How would you describe the current project you’re undertaking?
The Four Seasons: A Reimagining is a theatrical response to Max Richter’s recomposition of Vivaldi’s masterpiece with Bunraku-style puppets. We used the music as the initial stimulus to conjure an imagistic narrative with puppetry at its heart. This response was workshopped by the creatives and cast, and is a multilayered comment on the disturbance of life through conflict/war, its effects on the individuals concerned, and the human capacity for resilience.
What are your roles and responsibilities in the show?
As an ensemble we explored Max Richter’s recomposition together, and the complex material that drifted to the surface formed the basis of our narrative. At times you are puppeteering a central character in a scene, generating thoughts and emotions, and at other times you are in support of the narrative that has emerged. The role shifts constantly between being the central brain of a character to the operating extremes of another puppet’s body -all parts being essential to bringing the emotional states of the characters concerned to life, which is sometimes very subtle in the storytelling.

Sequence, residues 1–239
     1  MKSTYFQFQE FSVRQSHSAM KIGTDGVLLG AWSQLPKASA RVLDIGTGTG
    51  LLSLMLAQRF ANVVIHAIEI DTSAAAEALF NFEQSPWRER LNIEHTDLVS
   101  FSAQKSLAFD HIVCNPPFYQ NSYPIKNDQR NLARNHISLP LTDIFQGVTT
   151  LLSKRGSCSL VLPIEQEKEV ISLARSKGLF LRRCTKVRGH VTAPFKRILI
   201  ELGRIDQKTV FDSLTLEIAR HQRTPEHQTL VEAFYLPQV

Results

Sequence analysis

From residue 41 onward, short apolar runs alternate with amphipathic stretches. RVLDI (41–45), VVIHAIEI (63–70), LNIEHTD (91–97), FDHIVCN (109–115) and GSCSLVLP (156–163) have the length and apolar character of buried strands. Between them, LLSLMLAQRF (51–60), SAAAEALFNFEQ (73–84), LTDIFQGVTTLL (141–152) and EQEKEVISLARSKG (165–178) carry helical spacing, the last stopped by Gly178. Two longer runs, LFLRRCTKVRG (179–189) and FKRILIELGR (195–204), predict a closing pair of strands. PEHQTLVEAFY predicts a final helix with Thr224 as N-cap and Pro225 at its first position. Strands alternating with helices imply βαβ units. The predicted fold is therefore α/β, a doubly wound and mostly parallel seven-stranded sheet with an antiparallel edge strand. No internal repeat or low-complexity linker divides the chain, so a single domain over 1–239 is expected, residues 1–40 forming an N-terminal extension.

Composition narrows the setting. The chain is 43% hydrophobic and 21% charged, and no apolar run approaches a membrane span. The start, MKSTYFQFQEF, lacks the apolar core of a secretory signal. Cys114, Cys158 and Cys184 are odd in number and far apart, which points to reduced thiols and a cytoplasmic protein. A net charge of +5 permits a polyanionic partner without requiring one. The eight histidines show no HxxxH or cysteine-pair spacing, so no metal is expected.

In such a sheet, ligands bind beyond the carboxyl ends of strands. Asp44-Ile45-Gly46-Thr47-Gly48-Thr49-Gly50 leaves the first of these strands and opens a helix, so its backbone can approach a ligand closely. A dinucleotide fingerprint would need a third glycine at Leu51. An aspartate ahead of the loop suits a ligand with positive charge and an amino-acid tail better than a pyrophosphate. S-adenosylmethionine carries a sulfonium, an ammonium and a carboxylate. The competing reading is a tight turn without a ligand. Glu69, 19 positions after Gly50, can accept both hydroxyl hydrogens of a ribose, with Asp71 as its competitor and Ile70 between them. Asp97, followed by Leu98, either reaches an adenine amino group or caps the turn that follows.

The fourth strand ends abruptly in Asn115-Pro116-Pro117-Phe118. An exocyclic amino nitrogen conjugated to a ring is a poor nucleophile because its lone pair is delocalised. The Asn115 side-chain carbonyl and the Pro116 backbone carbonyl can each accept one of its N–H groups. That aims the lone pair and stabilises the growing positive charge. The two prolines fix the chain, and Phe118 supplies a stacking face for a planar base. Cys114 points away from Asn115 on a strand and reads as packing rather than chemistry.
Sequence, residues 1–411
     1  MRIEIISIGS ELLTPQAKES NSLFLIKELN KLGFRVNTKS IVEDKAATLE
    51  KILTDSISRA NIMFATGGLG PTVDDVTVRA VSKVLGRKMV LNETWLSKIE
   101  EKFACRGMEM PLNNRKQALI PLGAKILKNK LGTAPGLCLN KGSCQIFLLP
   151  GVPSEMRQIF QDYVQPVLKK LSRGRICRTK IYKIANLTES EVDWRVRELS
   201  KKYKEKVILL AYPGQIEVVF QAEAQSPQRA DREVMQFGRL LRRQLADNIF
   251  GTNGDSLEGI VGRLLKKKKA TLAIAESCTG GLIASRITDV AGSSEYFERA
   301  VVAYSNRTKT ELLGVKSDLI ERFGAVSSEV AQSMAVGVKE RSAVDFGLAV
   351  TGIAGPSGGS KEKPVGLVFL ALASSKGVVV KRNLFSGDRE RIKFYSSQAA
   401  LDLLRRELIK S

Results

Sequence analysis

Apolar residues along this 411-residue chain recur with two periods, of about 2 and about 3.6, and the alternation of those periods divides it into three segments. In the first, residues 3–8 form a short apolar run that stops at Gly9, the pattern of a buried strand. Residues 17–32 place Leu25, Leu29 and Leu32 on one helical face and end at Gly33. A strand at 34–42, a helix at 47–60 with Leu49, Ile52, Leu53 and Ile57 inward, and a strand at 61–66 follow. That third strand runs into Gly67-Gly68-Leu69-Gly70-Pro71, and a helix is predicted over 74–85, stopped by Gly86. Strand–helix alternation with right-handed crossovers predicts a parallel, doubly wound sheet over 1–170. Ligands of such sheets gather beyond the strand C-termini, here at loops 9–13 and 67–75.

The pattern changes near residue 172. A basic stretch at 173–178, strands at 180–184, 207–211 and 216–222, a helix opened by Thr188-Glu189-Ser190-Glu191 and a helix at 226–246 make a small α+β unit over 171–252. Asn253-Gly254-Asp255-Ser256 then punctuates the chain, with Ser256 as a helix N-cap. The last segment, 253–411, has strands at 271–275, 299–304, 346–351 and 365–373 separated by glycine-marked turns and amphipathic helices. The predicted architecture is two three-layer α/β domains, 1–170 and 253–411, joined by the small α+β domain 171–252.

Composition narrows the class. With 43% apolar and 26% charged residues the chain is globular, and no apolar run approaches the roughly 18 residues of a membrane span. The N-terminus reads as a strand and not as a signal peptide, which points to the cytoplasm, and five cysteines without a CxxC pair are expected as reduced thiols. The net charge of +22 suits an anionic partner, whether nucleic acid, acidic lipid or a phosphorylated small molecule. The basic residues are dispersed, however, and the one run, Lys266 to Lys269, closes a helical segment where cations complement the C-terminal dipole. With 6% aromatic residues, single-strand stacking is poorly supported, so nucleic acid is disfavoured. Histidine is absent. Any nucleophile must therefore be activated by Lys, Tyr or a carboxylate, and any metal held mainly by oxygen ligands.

Have you worked with Gyre & Gimble before?
I met Toby and Finn whilst puppeteering in the original production of War Horse at the National Theatre. Together with fellow puppeteer Tommy Luther, Toby and I had the pleasure of bringing Joey the horse to life for the first time. Being fortunate enough to share this life changing experience, we have continued our friendship and working relationship over the decade that has followed. Finn and I were also fortunate enough to work on Or You Could Kiss Me, the second collaboration with the National Theatre and Handspring Puppet Company.
What training have you had, and in what skills?
I started an architectural degree which was never completed.
How did you find your way into puppetry?
The experience studying architecture meant I had some training as a designer and draftsperson which lead me to theatre design. My mentor had a great love for puppetry and had collaborated with John Wright, founder of London’s Little Angel Theatre, so when they revived a show from the sixties he invited me to take on a role as puppeteer. I was also hugely blessed to be mentored and taught by Nina Gerasimov, a member of the St Petersburg Bolshoi Puppet Company (she moved to Cape Town with her husband who was a puppet maker). Following that my collaborations with Handspring Puppet Company furthered my experience. It’s a craft in which you never stop training!